I wake up with the sunrise everyday now. I make Jenny coffee and I sit outside to watch the horizon brighten. I have a particular chair I sit in. This a few hours after my Middle Awakening, when I’m up at one o’clock for an hour before settling back into bed.
A caterpillar has made its way up my chair, a bannister variety of chair with scroll arms and a rustic finish. The caterpillar made a chrysalis where its body will emulsify before being reformed, essentially liquefying itself before re-emerging more delicate and built of paper. More beautiful, like the magenta bougainvillea sepals that brighten our windows, else the poppies that have since bloomed.
Jenn was first to notice the cocoon and wrote to me: the caterpillar spinning itself with silk is not a metaphor, but a literal thing, an ornament on my chair, grey and comma-shaped and something saw-toothed.
But it is a metaphor. I insist.
I’ve been told I look younger these days, a Benjamin Buttons transformation, and more on butterfly wings than on spines. In being so, I feed on nectar now, and my fragility is less important that I am no longer an earth-bound thing.
A metaphor of metamorphosis. Both words from the Greek: the former meaning ‘to transfer’, the latter meaning, ultimately, ‘to transform.’
How We Can Die: a Story
Frankie had asbestositis, terminal, but he told all the nurses, “See I still have all of my hair!” And he had a full head of fine black hair, coifed despite his pillow-rest.
“And all these are mine,” he said smiling counting the teeth in his head.
He was a dancing man, but was bed-bound. His nurse climbed into bed with him the evening before he died, and she flung her weight up and down on the bed so that Frankie could dance again, and one last time.
He died the next morning.
This is a true story.
1) The rain is gentle and it falls from a white sky. No perceptible clouds, just white. I stare at the sky with my wife who I love increasingly each day until my heart is a heart-shaped thing, and not just a muscle in my chest. I close my eyes and they are as blank as the sky, as if they had no memory.
2) Turns out I’m a good part Irish, but you probably knew that. You had intuition that was otherworldly, and I’m only now learning that you knew things about me that I didn’t when you were still alive. St. Thomasin.
3) I always wonder what you saw when you died—’det’ you called it in prediction of your demise—and when you said, “O there you are,” and I wonder who ‘you’ was, was it maybe that you saw yourself in a cosmic mirror, at the end of your life. You always meant to understand yourself.
4) I have split sleep this days: first and second, and in the witching hour I write and think of how we used to pen letters back and forth while the laundry tumbled at 2 in the morning and the only sound was the mockingbird that lives atop my roof.
5) Only five bulletpoints today, my Tin Man friend, five as a trinity but added with two, as we were, my Friend—a two of star-crossedness, and shy of Orion’s belt. I miss you, Delaney, and still love you. xo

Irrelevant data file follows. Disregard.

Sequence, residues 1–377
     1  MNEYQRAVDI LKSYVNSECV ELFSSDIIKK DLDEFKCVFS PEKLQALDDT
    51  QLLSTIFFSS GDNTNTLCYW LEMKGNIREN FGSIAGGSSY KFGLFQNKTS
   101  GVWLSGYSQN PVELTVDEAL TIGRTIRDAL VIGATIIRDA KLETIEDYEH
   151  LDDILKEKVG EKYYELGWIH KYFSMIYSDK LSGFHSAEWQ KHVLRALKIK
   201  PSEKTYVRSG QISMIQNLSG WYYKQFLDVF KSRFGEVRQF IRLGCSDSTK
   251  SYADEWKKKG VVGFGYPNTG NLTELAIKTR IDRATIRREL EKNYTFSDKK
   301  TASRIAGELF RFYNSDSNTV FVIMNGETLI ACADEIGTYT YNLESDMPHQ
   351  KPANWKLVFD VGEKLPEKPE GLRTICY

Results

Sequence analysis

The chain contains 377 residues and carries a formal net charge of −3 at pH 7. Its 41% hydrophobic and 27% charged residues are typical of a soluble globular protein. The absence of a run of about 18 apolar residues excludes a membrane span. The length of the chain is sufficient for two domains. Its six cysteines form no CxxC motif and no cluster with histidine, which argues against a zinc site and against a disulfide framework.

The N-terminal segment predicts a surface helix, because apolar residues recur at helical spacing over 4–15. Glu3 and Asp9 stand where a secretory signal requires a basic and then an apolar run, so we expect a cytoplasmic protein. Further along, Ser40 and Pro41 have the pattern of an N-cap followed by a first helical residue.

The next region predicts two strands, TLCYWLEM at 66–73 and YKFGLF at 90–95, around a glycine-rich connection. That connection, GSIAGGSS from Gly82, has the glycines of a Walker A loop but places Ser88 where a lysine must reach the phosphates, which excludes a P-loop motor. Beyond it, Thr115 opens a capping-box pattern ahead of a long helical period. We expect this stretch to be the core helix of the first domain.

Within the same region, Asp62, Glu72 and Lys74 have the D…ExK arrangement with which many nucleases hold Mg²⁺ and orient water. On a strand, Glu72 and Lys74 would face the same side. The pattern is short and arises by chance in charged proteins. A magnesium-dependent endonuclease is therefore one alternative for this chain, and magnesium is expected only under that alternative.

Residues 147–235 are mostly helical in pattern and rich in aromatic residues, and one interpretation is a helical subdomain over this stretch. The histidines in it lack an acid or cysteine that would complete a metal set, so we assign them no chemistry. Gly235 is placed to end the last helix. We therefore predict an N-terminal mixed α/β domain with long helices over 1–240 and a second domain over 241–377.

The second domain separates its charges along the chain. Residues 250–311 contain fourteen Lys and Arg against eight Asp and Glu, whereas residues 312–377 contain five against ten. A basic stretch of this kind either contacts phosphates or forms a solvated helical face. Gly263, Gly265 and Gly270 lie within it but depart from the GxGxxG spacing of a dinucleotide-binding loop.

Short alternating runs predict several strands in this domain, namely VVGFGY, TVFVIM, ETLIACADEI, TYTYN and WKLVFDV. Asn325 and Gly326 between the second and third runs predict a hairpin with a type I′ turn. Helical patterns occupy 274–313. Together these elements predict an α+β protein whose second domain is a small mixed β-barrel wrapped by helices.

Took a beach walk with my family today, and—just as the morning started—the afternoon was interrupted, too, with silent and solitary meditation. Separated myself briefly and found a bench overlooking the ocean. We had been poring over the rocks looking for heart-shaped ones, my aunt and I, and remarked the tributaries of micah sand that flowed around the beds of stone. We looked for a kelp holdfast—didn’t find one—but when you break open a holdfast you can find brittlestars that fit on your thumbnail.
This morning I was awake and listened to last night’s rain drip methodically through the ficus leaves and this afternoon I saw the waters multiplied in the expanse of the ocean, me alone on a bench overlooking the sea. It’s the law of optics that the horizon is a mile distant, but in that short mile there was a multitude of colors, the grey of the crashing surf and the deep lilac of the more distant waters, just beautiful.
There was a lone surfer and an even more lone pelican, wings outstretched and riding the breeze, narrow and made to ride the zephyrs. All was quiet despite the multitude of Winnebago campers and the sun was something hazy behind the clouds.
Beauty reveals itself to those who watch, and my eyes were open, my knee something of hurt, but there on the bench—just like the bench in the canyon this morning—I cupped my hands and prayed to the Universe, accepting the calm, Laughing Buddha, watching as the sea expressed its sometimes peace. I was happy.
I sit in the canyon and it’s not crepuscular, so fairly few birds are out. Crows dominate the scene and I ask myself: “What dominates me?” And an hour before, I laid with Jenn on the bed with my arms wrapped around her and I told her that she was my soulmate. With fullest intention, with all of my hummingbird heart.
And the crows were gliding, the warblers were absent, still I sat in the canyon with my stupid ginger beer and watched the trees as they creaked their eucalyptus voice.
Did you know I’m a writer? I write in my head constantly, even if just saying declarative words to post-stamp the things I see. I’m an existential notary. I’m a poet. ‘Bees.’ ‘Flower.’ ‘Children.’
I meet Kim at the top of the canyon and she’s sitting and thinking, too. Just with a bag of Cheetos and a cigarette.
“I’m Thom. Nice to meet you.”
“I’m Kim. This canyon is nice.”
Her Toyota Camry is parked neatly, and I do this too. Park neatly and sit and think.
What crime is this to talk of the trees, when there are so many other horrors? Yet, the smell of clean laundry fills my nose, the sound of my baby’s laughter. Hearing my wife’s voice echo in my head like a kind Apollo’s helmet.
Just the sound of her voice, the canyon. Life and how to live it.